Prior to sentencing, Defense Attorney Michael Horrocks presented Judge Wayman with letters written by Potts’s loved ones that attested to his client’s character. After reviewing them, prosecutor Bernard McHugh presented the states position and explained their sentence recommendation of 25 fixed years in prison (plus financial restitutions).
“I think this is a reasonable sentence,” he said. “The facts of this case are beyond disturbing … in light of the facts of this case along with the criminal history of the defendant.”
Comparing Potts’s crimes to something one would normally see in Chicago or Los Angels, McHugh highlighted the fact that his actions not only put law enforcement in danger (specifically the police K-9 he incapacitated), but also innocent bystanders.
He also acknowledged that Potts blames the influence of drugs as a reason for his behavior, but made the point that even on drugs — most users do not have the capacity to commit these types of bizarre and violent crimes.
Horrocks retorted by stating that Potts has since taken responsibility for his crimes and “it’s not who he is and who he wants to be.”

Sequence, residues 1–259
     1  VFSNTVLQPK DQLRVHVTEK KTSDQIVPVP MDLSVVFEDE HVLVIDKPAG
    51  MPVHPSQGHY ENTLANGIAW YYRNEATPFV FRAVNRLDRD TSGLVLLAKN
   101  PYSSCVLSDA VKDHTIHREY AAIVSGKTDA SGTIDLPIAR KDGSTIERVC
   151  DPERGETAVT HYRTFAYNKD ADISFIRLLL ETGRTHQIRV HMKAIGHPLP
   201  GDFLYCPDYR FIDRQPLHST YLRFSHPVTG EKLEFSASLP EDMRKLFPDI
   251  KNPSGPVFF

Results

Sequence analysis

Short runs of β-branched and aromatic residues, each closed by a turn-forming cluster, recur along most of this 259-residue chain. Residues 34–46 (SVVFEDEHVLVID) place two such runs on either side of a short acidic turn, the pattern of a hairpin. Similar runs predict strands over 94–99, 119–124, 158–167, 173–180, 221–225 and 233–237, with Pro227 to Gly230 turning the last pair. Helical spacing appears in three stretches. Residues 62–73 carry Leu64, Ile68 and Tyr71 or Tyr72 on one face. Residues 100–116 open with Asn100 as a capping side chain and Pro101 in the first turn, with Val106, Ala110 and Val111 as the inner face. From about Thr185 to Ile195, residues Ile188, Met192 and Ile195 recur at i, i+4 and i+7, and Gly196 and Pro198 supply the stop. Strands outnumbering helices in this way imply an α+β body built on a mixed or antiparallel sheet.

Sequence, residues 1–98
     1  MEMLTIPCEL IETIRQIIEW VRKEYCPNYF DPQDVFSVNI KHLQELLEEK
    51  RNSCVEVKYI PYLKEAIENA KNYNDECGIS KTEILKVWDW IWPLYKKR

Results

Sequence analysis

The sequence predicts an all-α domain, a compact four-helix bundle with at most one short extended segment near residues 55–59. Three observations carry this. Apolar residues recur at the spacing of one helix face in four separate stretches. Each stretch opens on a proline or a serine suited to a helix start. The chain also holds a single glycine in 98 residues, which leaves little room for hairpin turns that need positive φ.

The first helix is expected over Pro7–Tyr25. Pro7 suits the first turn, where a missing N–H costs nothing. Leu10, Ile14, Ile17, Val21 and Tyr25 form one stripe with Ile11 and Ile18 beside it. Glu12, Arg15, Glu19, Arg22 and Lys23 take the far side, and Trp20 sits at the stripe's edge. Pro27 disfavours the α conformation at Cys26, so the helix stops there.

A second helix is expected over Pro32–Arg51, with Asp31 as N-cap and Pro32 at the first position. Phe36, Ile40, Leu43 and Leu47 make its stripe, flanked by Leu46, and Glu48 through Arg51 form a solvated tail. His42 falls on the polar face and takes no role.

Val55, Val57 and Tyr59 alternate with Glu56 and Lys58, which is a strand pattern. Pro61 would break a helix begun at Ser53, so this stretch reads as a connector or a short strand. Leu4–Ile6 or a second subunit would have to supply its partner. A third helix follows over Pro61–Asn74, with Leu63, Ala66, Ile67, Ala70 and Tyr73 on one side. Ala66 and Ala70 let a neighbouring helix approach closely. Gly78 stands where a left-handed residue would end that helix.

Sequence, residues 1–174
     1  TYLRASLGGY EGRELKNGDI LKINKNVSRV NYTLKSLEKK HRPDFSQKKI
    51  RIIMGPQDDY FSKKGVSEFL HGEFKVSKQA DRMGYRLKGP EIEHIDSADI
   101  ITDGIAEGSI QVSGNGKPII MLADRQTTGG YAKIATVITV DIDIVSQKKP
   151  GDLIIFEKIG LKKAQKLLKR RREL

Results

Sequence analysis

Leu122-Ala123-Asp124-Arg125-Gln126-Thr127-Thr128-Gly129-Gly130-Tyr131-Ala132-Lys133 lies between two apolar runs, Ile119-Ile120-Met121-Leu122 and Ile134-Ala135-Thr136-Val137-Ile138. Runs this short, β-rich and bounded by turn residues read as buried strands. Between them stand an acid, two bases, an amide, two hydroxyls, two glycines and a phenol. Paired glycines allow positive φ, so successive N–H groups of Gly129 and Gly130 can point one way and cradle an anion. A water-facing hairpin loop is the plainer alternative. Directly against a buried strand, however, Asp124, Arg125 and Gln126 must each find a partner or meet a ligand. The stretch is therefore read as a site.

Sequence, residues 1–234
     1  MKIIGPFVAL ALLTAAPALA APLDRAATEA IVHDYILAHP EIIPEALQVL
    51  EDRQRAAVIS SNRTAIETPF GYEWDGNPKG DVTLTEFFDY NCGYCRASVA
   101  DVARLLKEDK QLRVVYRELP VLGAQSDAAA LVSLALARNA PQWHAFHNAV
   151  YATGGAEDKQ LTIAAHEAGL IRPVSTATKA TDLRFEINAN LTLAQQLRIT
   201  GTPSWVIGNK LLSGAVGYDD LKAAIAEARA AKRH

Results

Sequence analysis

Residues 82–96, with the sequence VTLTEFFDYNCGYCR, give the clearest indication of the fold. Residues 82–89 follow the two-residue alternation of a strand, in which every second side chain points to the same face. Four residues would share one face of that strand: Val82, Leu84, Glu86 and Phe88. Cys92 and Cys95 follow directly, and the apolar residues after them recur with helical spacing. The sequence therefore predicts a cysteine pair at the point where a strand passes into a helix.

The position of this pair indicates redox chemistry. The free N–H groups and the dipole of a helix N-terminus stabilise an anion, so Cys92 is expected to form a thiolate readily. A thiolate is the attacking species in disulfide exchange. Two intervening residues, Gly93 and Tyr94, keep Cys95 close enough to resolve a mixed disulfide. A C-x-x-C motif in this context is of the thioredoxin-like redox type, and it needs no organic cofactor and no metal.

Citing drugs as the cause of his behavior, Horrocks asked for a lighter two-year fixed/eight-year indeterminate sentence, on the basis that his client is a decent person when he is not on drugs and this could be a chance for rehabilitation.
“He would not have acted this way if he wasn’t on drugs,” he said. “He is not excusing his behavior, your honor. He understands that it was his decision to use the drugs that put him in this position. (A lighter sentence) would give Mr. Potts the chance of rehabilitation. It would allow him to take advantage of any programs that are available through the prison system so that he could show them that he is a suitable candidate for parole and ease back into the civilian population.”
Potts also spoke briefly and apologized to everyone who was involved in the incident and stressed “that’s not who I am.”
Upon hearing from both the prosecution and defense, Judge Wayman chose not to follow the recommendation of either councilor and handed down a 10-year fixed/10-year indeterminate prison sentence.